Recently in Song of the Day Category
Splendid music magazine The Word is trying to revive John Peel's Festive Fifty, where people voted for their favourite five songs of the year to build up a poll of the nation's top tunes. (Click here to take part).
I added my votes yesterday. Regular readers of this blog - hello, Ma! - will know that I've been very fond of Elbow, Little Jackie and Jenny Lewis in 2008, so here's my fourth choice: I Keep Faith by Billy Bragg.
You Can't Hurry Love is two minutes and 50 seconds of absolute pop perfection.
A number one in 1966, You Can't Hurry Love was written and produced by Motown's crack Holland-Dozier-Holland production team. Remarkably, it was recorded at the same time as the also fairly fantastic You Keep Me Hangin' On and it was left to Motown's Quality Control Department to choose which one would be released first.
It was included in the Rock and Roll Hall of Fame's permanent collection of 500 Songs that Shaped Rock and Roll. It's hard to argue with that judgement. Not even the efforts of Phil Collins and Whoopi Goldberg (in the film Sister Act) in their covers of it can do anything to sully its good name.
Having said that I have two songs of the year so far, here's a third.
Carpetbaggers is the first single from the second album by Rilo Kiley singer Jenny Lewis. It's a duet with the great Elvis Costello, though on first listen it does sound rather like a tribute band singer doing a slightly deranged Elvis Costello impression.
After some shamefully populist choices in the last couple of days, something a bit more obscure today.
Most people will know Little Star by Stina Nordenstam - if they know it at all - from the soundtrack of the Baz Luhrmann film Romeo + Juliet. But it was originally released on her 1994 album And She Closed Her Eyes and at the time Mark Radcliffe used to play it all the time on his Radio One show.
That was a time when I would often tape Radcliffe's late night show and listen to it the next day - a low-tech version of the "listen again" thingy you can do on the internet these days - and I still have a recording of him playing Little Star.
It was either going to be Einstuerzende Neubaten or Girls Aloud today and in the end something made me go for Cheryl Cole's crew.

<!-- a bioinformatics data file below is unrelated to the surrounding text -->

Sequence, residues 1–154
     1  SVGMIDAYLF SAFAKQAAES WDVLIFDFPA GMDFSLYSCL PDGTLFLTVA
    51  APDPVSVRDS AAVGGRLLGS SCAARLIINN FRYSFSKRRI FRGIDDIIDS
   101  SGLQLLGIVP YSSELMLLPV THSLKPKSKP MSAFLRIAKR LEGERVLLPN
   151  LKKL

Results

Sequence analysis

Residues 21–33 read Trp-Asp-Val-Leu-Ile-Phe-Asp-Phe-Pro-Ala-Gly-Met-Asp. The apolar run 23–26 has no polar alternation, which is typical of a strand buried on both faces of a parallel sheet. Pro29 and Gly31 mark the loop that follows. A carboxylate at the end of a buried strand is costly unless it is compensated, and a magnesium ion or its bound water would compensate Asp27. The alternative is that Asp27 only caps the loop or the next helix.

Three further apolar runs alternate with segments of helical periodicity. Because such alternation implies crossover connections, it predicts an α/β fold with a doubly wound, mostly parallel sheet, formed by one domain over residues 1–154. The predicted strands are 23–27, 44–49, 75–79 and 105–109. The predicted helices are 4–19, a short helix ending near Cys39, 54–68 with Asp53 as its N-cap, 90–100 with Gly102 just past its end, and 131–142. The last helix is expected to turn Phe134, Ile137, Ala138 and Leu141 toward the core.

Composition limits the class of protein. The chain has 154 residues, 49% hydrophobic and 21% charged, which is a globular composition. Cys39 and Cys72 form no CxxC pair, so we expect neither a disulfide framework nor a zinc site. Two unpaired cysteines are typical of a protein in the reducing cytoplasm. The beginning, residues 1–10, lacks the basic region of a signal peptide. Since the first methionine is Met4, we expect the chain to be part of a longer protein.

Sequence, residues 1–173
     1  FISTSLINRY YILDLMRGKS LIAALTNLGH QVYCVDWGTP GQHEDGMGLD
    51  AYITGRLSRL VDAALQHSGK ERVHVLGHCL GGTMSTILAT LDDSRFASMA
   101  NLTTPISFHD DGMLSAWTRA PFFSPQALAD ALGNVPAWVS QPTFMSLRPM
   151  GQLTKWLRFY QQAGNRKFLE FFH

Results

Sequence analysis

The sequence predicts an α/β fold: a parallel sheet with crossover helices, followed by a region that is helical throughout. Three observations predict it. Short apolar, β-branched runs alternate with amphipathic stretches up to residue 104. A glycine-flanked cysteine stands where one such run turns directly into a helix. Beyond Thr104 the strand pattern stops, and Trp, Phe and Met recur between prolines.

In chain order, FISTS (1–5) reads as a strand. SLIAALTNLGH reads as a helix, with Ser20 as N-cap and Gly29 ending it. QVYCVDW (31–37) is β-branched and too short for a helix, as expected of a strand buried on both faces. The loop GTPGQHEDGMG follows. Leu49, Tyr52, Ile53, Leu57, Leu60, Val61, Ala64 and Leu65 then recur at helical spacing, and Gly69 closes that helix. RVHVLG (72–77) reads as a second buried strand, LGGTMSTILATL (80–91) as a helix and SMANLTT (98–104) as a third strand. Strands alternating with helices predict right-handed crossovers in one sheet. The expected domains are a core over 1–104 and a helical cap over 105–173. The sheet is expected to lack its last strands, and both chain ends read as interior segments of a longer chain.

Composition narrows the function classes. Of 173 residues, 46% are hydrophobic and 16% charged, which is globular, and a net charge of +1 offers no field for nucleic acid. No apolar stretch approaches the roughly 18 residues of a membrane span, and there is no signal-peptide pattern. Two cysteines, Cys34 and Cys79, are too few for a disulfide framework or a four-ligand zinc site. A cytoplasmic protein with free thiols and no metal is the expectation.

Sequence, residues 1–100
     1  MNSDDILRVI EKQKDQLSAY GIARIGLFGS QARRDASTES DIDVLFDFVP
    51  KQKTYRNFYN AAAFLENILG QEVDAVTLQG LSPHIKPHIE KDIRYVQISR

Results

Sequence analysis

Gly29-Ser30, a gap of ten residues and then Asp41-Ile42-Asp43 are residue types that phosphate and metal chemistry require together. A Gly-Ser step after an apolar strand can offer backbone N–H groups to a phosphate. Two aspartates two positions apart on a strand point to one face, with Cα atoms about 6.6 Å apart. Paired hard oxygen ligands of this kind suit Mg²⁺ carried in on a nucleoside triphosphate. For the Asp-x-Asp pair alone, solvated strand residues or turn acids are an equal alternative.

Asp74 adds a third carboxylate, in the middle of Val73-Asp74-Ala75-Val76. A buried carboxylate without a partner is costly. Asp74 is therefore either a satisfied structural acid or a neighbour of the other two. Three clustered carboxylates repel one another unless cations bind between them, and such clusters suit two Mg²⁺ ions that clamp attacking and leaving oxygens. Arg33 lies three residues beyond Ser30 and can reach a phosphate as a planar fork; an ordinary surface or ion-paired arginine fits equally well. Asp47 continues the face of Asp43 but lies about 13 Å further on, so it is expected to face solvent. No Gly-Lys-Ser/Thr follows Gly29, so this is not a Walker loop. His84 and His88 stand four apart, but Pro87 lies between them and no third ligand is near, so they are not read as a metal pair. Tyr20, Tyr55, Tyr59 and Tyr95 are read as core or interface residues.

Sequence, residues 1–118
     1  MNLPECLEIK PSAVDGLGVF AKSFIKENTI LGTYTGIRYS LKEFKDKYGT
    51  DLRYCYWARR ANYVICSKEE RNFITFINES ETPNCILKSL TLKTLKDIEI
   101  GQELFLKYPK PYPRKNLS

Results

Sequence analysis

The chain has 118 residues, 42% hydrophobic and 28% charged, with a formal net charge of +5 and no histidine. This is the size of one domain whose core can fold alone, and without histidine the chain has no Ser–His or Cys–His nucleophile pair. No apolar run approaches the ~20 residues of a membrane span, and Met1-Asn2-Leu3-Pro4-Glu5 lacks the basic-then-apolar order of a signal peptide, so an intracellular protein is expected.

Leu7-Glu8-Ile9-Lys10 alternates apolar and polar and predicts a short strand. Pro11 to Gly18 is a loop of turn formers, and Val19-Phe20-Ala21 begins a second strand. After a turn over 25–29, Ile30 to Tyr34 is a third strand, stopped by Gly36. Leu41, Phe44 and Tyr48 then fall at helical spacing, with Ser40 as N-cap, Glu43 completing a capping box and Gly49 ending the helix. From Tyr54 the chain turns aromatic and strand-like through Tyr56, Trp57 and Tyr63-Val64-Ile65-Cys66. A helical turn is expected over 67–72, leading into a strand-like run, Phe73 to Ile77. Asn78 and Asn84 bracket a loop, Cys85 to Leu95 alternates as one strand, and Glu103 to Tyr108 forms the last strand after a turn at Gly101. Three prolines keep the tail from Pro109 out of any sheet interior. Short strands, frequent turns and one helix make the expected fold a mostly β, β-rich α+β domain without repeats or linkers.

Something Kinda Ooooh is a song that raises an important philosophical question: namely, is it right to like a song because of a bit of dancing in a video?
I had heard Something Kinda Ooooh a number of times and it had left me pretty much as cold as the rest of Girls Aloud output. Then I saw the video and became entranced with the dance they all do in the chorus where they stand on their left leg and cock their right leg up in a frankly remarkable manner (see what I mean at 1 minute 21, 1.36 and 2.49 in the video).
After three songs that could loosely be considered cool, I thought I'd admit to something a bit more cheesey.
I was surfing Freeview last weekend and settled on something called 50 Best Songs of the 1980s on one of the music channels. A Good Heart by Feargal Sharkey came on and I've been singing it ever since.
The video for A Good Heart should be put into a time capsule to sum up everything that was awful about music in the 1980s: Feargal's terrible hairstyle is topped only by his buttoned up white shirt (yuck) and it's impossible to ignore the gimmick of having two female drummers playing in unison.
Oh, what a little tease I am.
Yesterday I wrote about Elbow's One Day Like This being one of my two favourite songs of the year but didn't tell you what the other one was. Well here it is: The World Should Revolve Around Me by Little Jackie.
I first heard this one Mark Radcliffe and Stuart Maconie's Radio 2 show and I'm convinced that I was singing along before it even ended. It's insanely catchy and makes you want to dance around your house (even if you are a 36-year-man with a dodgy knee).
After yesterday's 40-year-old song of the day, I thought I'd go for something a bit more up to date today.
One Day Like This by Elbow is one of two tunes in the running to be my favourite song of the year so far. It's based around a beautiful string riff (if you can have such a thing), has some lovely lyrics and builds up to a repeated chant of "throw those curtains wide, one day like this a year would see me right".
All in all, it's one of those life affirming songs that are great to play loud on sunny days, and it really got into my head as I walked into work today.
I am GP and this is my blog about the song I've got in my head each day.
To kick things off, I thought I'd share what I consider to be the greatest song ever written: Tracks of My Tears by Smokey Robinson and the Miracles.
That may sound like a bold claim - one that only a fool would make, in fact - but believe me, ladies and gentlemen, when I say that I am that fool.